Will Automation Kill the Economy ?

Automation is the next big thing! Right from the time of the printing press, automation has always been making headlines. It fundamentally changes the way jobs are performed. However, given the rapid technological advancement in the recent past, there has been an unusually high level of scaremongering regarding how automation is going to affect the workforce. Pretty much every day, there are newspapers full of articles screaming that automation will kill 50% or more of the jobs in the next quarter century! Automation has suddenly worn a villainous robe. But is it as awful as it is being made out to be? Will automation really kill most of the jobs?

In this article, we will try and understand the various effects of automation.

Automation Gaining Momentum

Firstly, it is important to acknowledge the speed at which automation is taking over the world. What was once a dream is now a reality! Companies like Google have been continuously testing driverless cars. While it is true that these cars may not be economically viable today, technology may make it possible in the future. This endangers a large number of jobs of both commercials as well as taxi drivers.

Similarly, Amazon has launched self-checkout stores in Seattle, Washington. This will eliminate long queues at the shopping malls. The company wants customers to spend time shopping and not standing in line to pay the bill. Once again as this technology becomes more streamlined, it will eliminate thousands of jobs at supermarkets.

The Fast food industry, which is highly automated, is becoming even more automated. Some fast food restaurants are being entirely run by robots with humans only operating the machines and collecting the money! If this concept turns out to be successful, fast food firms are well capitalized to take advantage of these advances.

To sum it up, in almost every field imaginable, we are on the cusp. In the next few years, the role of humans will increasingly diminish, and the role of automation will increase exponentially.

Better Ways of Doing the Job

This is the first time in history that human beings are so wary of automation. This may be partly because this is the first time, this is happening on a mega scale. However, newer and better ways of doing the jobs have always been the case.

Consider the case of the printing press making scribes redundant. Also, consider the case of online media making printing press redundant itself! DVD players made cassettes obsolete to be later made obsolete by MP3. When iPods came in, they made MP3’s redundant too! This is how the world has always been functioning. Newer technologies make doing things easier. This leads to a temporary loss of jobs for a few people. However, in the long run, the society saves resources, and everyone is better off. Newer are better ways of doing tasks free up resources. These resources can then be used for other tasks, and the economy as a whole grows.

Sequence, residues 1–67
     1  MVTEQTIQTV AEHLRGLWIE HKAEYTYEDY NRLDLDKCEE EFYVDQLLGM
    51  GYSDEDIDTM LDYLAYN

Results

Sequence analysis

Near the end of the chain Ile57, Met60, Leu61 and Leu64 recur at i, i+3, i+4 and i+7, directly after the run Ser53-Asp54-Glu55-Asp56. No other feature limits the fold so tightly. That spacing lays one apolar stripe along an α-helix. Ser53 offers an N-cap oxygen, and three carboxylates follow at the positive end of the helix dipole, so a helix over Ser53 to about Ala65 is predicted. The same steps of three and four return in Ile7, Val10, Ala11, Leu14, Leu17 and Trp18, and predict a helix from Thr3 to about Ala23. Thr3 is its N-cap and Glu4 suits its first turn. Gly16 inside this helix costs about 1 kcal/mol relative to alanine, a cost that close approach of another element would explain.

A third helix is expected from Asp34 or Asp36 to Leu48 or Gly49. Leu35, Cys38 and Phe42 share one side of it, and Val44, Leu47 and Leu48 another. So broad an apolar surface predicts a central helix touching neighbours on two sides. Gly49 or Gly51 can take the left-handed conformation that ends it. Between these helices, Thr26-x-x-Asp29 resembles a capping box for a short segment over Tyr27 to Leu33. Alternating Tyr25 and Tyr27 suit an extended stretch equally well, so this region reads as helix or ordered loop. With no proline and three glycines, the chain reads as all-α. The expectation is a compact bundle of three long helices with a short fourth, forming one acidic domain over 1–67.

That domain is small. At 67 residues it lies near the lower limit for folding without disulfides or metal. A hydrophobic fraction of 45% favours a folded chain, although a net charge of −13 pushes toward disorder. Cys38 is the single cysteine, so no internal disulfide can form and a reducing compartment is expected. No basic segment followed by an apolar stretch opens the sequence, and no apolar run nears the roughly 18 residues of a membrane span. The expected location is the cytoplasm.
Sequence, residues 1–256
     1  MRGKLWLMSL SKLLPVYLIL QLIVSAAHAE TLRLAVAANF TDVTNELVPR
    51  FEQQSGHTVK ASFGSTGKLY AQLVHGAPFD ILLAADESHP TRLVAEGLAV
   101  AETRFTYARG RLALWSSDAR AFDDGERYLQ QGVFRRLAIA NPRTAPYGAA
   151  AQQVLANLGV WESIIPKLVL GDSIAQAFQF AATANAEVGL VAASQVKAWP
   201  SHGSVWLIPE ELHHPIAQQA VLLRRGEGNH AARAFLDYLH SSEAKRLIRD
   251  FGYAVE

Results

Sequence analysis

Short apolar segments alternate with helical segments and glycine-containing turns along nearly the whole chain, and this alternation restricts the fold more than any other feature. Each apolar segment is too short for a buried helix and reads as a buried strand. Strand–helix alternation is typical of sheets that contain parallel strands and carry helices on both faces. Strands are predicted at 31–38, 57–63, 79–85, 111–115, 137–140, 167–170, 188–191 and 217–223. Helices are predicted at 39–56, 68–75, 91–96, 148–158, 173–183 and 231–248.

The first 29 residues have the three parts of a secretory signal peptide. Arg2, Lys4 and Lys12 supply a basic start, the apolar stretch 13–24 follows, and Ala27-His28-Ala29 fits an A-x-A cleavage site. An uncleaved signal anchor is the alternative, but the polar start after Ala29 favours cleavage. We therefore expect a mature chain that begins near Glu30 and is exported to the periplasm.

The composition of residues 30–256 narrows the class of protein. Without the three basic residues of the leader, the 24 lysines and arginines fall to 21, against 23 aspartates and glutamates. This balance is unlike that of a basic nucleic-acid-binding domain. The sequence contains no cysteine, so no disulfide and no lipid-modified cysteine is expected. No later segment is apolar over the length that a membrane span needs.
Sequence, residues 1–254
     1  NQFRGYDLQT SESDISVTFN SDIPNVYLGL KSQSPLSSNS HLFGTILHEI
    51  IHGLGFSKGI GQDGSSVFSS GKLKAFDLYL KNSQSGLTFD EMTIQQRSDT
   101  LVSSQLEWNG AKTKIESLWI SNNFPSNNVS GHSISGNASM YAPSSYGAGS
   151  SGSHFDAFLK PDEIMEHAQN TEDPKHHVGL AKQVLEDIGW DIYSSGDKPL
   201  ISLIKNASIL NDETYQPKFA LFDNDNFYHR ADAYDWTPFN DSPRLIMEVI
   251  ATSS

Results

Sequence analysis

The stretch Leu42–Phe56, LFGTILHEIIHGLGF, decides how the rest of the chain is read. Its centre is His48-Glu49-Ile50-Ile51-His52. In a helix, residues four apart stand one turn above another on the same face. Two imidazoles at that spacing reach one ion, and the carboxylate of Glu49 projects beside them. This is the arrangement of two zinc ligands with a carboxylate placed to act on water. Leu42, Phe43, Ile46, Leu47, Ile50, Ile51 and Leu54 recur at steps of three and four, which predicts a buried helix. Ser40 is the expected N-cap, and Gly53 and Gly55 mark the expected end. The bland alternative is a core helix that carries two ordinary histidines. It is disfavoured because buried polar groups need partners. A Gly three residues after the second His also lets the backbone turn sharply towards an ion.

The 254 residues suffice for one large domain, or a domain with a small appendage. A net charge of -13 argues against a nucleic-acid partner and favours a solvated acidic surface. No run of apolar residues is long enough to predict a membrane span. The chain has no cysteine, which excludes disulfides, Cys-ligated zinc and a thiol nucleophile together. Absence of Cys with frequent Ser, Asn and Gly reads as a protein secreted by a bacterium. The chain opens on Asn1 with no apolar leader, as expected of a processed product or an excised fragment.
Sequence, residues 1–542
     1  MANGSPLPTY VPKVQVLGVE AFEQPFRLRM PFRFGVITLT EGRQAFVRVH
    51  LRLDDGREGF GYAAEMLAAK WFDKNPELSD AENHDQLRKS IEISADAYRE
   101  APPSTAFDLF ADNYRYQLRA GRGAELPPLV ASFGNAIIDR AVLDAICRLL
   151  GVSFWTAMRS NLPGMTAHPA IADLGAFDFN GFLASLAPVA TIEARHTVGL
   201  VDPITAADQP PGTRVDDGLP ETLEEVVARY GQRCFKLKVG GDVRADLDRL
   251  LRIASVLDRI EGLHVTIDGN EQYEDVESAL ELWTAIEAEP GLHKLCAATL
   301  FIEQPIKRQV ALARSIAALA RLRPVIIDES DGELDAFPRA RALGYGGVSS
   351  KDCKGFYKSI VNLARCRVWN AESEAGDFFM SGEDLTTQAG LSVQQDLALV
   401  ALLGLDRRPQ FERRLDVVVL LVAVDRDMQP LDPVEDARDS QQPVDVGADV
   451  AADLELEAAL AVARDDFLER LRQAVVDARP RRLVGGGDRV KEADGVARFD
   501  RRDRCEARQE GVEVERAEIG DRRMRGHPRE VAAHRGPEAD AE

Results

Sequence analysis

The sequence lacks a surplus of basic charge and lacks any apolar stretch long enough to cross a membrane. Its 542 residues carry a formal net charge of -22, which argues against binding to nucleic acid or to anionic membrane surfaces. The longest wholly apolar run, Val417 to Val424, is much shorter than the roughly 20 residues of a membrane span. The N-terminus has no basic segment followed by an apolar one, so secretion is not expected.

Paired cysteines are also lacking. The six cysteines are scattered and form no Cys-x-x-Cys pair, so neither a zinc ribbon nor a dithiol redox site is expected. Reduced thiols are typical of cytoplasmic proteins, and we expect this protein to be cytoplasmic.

High Skilled vs. Low Skilled Jobs

The argument against the above point is that automation brings about a transfer of jobs from low-skilled jobs to higher skilled jobs. For instance, drivers get replaced by software engineers and so on. The argument is that the lowest rung of society suffers the most because of this displacement. Also, these people do not have the means to upgrade themselves to higher social strata via education and hence automation is unfair.

The reality is that automation does, in fact, diminish jobs lower in the value chain and creates fewer value added jobs at the top. However, people at the lowermost ends are selling labor and not any specific skills. As a result, they can quickly move jobs. For instance, store clerks at Wal-Mart could easily switch jobs to being security personnel! Hence, automation will lead to displacement, but the affected people will be easily able to cope with it.

Higher Standards Shorter Work Hours

The positive side of automation is that it will reduce the cost of production. For instance, driverless cars will reduce the cost of transportation. Similarly, self check-out retail stores will be able to drop prices and benefit consumers. As a result, people will be able to sustain on a lower salary and still have a higher standard of living. This is what automation has been doing for all of the 20th century! Today, people work for 8 hours instead of 12 at less grueling jobs and have much more abundance than their forefathers did!


The automation juggernaut is both real and unstoppable. As a result, resisting it would only lead to problems. Instead of making futile attempts to stop an economically viable idea politically, people need to accept the reality.

Governments and worker unions need to be ready with massive re-skilling programs. This will ensure that the pain felt is less. The displaced workers need to be re-employed almost immediately at a somewhat similar job which will offer somewhat similar pay

There is no hiding from automation. It is going to impact everyone’s life. The smart workers will upgrade to higher skills when there is still time.

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